Do you know that cauliflower reduces the risk of cancer, moves blockages within the body, is rich in nutrients and a healthy food overall?
I’ll admit it, until I was aware of just how beneficial cauliflower is to our health, my consumption was limited to nibbling flowerets off an hors d’oeuvres plate or occasionally steamed. I was naive. There are also delicious ways to prepare cauliflower such as roasted, mashed, curried or made into a healthy soup (recipes are at the end of this blog post).
Cauliflower Reduces the Risk of Cancer
There are numerous studies that have been conducted linking cruciferous vegetables (broccoli, cabbage, cauliflower) and cancer prevention.
A study published in the Journal of the National Cancer Institute states, “In conclusion, these findings indicate that intakes of cruciferous and dark green vegetables, especially broccoli and cauliflower, are associated with a decreased risk of aggressive, particularly extraprostatic, prostate cancer.”
Scientists at UC Santa Barbara have published in the journal Carcinogenesis, “Breast cancer, the second leading cause of cancer deaths in women, can be protected against by eating cruciferous vegetables such as cabbage and near relatives of cabbage such as broccoli and cauliflower.”
Cauliflower contains anticancer compounds, including indoles and sulforaphane. According to Brigitte Mars in Rawsome!: Maximizing Health, Energy, and Culinary Delight With the Raw Foods Diet, “because its anticancer compounds enhance enzyme activity that neutralizes carcinogens so they are unable to attack and transform cells, cauliflower is believed to reduce the risk of colon and stomach cancer in particular. It also aids in the body’s metabolism of excess estrogen, helping to curb breast cancer and fibrocystic breast disease.”
Consuming cauliflower is also a great preventative measure for reducing the risk of cancer because of its detoxification, antioxidant and anti-inflammatory properties.
Cauliflower Moves Blockages Within the Body
Cauliflower aids in detoxification of the body. It cleanses the bodily systems, aiding in bringing them to optimal health. Metabolism will increase and stuck chi (energy) will move. A healthy flow of energy will reduce lumps, fibroids and constipation. The boost in metabolism will also burn off fat.
Cauliflower is Rich in Nutrients
Cauliflower is an excellent source of vitamin C, vitamin K, folate, and fiber. It is also rich in vitamin B6, omega-3 fatty acids, manganese, potassium, choline, phosphorus, bioflavonoids, biotin, boron, calcium, and sulfur. To view the full nutritional analysis for cauliflower, visit the Nutrition Facts and Analysis website.
Cauliflower as a Healthy Food Source
Cauliflower contains no cholesterol. One cup of raw cauliflower contains only 25 calories, the perfect healthy snack food. Cauliflower is considered more of a winter crop and available freshest between December and March. Look for white heads without brownish discoloration and store in the refrigerator in a plastic or paper bag.
Some of cauliflower’s cancer preventative compounds are destroyed by heat so be sure to also eat some raw or only cook long enough as necessary.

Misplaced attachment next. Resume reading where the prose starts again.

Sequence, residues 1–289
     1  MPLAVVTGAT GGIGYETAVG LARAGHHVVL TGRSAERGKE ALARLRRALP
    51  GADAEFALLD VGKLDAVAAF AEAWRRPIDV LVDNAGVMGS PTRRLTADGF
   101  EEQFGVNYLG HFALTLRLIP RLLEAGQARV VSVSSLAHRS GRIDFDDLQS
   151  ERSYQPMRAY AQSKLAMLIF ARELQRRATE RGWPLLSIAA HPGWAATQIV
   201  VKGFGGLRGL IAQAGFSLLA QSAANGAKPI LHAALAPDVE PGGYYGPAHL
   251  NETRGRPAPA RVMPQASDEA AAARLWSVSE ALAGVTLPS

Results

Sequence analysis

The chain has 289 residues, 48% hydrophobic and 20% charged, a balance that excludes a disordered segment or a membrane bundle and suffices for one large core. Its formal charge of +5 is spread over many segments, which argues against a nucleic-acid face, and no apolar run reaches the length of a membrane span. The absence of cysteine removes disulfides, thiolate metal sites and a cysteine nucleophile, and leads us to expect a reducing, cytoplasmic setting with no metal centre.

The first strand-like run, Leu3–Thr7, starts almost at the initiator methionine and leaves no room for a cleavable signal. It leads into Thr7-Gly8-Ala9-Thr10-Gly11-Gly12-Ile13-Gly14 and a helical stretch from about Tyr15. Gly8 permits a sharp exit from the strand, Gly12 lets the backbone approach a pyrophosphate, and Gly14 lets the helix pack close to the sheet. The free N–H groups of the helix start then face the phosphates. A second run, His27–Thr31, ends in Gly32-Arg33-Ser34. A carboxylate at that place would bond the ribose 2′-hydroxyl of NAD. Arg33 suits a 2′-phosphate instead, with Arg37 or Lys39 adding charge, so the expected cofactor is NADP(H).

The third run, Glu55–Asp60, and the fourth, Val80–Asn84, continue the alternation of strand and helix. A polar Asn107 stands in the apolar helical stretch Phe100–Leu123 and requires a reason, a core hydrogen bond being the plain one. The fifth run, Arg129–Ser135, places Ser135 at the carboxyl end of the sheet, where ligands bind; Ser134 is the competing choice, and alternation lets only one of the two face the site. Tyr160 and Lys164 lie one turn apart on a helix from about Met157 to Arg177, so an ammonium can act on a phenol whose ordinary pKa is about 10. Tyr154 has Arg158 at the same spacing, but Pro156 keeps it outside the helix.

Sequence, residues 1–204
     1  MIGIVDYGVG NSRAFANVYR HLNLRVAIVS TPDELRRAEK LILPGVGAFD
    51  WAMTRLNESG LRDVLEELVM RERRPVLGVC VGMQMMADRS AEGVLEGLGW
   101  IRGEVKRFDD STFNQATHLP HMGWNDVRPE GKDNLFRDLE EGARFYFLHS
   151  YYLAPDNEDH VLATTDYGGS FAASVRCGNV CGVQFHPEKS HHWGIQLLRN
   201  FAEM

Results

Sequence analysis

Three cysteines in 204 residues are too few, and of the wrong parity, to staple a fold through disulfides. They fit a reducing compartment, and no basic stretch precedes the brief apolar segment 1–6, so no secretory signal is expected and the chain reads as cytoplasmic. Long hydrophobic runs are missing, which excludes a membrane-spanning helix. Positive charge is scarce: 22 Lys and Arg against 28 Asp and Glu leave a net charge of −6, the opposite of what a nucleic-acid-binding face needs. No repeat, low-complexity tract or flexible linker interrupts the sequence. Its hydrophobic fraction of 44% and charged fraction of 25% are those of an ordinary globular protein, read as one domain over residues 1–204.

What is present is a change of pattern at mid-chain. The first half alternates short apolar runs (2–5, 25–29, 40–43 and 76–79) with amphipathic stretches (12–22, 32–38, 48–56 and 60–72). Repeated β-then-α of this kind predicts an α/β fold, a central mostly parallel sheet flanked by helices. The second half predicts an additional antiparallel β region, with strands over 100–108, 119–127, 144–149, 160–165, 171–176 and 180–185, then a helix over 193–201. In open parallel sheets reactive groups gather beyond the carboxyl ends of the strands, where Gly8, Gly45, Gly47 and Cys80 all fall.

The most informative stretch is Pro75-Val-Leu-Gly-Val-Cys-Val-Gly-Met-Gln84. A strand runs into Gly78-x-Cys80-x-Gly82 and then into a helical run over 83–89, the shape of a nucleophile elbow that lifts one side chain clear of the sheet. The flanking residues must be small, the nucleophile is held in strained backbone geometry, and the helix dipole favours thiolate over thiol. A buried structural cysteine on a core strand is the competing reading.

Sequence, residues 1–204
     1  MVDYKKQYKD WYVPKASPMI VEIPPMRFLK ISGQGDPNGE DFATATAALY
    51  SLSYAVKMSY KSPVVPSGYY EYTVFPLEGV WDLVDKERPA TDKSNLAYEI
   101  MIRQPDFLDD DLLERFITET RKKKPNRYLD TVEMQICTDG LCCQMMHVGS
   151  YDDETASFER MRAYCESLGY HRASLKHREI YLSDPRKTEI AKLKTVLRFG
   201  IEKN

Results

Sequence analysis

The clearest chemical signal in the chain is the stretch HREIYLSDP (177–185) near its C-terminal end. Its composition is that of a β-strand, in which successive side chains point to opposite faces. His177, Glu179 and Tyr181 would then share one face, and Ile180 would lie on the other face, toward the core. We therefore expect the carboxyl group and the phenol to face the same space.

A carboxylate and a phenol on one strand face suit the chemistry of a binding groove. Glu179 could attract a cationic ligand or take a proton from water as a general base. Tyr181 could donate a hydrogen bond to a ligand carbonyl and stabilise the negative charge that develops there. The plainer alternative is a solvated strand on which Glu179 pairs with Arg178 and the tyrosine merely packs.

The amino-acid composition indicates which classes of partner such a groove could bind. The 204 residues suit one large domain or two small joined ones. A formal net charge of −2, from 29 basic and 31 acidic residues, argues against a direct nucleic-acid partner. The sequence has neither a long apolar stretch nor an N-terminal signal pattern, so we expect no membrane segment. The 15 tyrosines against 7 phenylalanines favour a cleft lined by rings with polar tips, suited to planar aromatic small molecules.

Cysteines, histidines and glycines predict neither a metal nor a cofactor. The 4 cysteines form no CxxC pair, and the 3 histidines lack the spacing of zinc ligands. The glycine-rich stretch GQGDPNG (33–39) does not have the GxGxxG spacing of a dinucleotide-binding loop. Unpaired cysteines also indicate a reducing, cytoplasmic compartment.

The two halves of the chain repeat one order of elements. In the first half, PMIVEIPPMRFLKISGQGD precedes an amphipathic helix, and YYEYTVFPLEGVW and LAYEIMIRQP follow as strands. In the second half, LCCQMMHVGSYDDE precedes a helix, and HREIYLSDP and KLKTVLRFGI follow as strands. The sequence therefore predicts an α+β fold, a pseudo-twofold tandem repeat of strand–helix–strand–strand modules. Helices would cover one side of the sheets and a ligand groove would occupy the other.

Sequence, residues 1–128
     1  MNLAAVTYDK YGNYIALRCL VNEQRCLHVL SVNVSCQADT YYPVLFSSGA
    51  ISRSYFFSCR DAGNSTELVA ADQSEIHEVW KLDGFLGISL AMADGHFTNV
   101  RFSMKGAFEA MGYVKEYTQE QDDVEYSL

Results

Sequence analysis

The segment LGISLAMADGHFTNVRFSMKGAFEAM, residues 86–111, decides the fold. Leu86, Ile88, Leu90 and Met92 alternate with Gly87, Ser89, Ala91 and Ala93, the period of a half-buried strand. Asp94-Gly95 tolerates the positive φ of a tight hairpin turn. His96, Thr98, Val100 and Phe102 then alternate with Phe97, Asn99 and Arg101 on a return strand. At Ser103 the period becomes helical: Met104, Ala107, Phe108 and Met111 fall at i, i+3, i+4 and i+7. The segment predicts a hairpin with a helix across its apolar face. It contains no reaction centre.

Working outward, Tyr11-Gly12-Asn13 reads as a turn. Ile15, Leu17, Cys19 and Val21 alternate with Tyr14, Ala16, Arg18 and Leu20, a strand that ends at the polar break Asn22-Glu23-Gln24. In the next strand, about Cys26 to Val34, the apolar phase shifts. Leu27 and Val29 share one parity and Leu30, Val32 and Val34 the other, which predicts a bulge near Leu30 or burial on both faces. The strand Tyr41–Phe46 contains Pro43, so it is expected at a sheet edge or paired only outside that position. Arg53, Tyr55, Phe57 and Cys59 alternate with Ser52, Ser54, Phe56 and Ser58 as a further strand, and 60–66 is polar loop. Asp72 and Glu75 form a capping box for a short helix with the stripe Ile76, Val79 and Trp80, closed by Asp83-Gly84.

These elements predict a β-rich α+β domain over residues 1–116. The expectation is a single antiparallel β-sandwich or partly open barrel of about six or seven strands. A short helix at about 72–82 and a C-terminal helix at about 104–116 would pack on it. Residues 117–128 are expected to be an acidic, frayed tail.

Buy a head of cauliflower, wash it, break it up into flowerets and store in a container (for up to 5 days) in the refrigerator for healthy snacking and to reduce your chances of cancer.
Roasted Cauliflower Recipe
Roasted cauliflower is a quick and delicious way to enjoy cauliflower. Roasting transforms cauliflower into a crispy, mild nutty flavored vegetable.
Wash cauliflower and cut into similar size pieces. Place in bowl and drizzle with olive oil. Add juice from 1/2 lemon, minced or powdered garlic to taste and a little black pepper. Mix together. Spread in single layer on a cookie sheet or shallow baking dish and bake at 425 degrees for about 15 minutes or until golden brown, turning once.
Mashed Cauliflower “Potatoes”
A delicious, healthy alternative to mashed potatoes is mashed cauliflower. This is a great recipe if you are looking to cut down on your carbohydrates and calorie intake. Although these numbers will change with what you add to the cooked vegetables, 100 grams of cooked potato has 86 calories, 20 g. of carbohydrates and 12% of the daily suggested requirement of vitamin C. 100 grams of cooked cauliflower has 23 calories, 4 g. of carbohydrates, and 74% of the daily suggested requirement vitamin C. Potatoes are also inflammatory whereas cauliflower is anti-inflammatory. Clearly cauliflower is healthier than potatoes. They are made the same way you would make mashed potatoes. Cut the cauliflower into pieces and steam until tender. Continue as you would for mashed potatoes.
Curried Cauliflower Apple Soup Recipe
(I adapted this recipe from Feb. 1996 Gourmet)
1 medium onion, chopped fine
2 garlic cloves, minced
1 teaspoon curry powder
1/2 teaspoon garam masala
1 1/2 tablespoons unsalted butter
4 cups cauliflower flowerets (about 1 small head)
2 cups vegetable broth
2 cup water
1/2 cup coconut milk (optional)
In a 4-quart saucepan cook onion, garlic, curry powder, and garam masala in butter over moderately low heat, stirring, until onion is softened.
Peel and core apples. Chop apples coarse and add to curry mixture. Add cauliflower, broth, and water and simmer, covered, until cauliflower is very tender, about 30 minutes.
In a blender or food processor puree soup in batches until very smooth, transferring as pureed to another saucepan. Add coconut milk (optional) and salt and pepper to taste and heat over moderate heat until hot.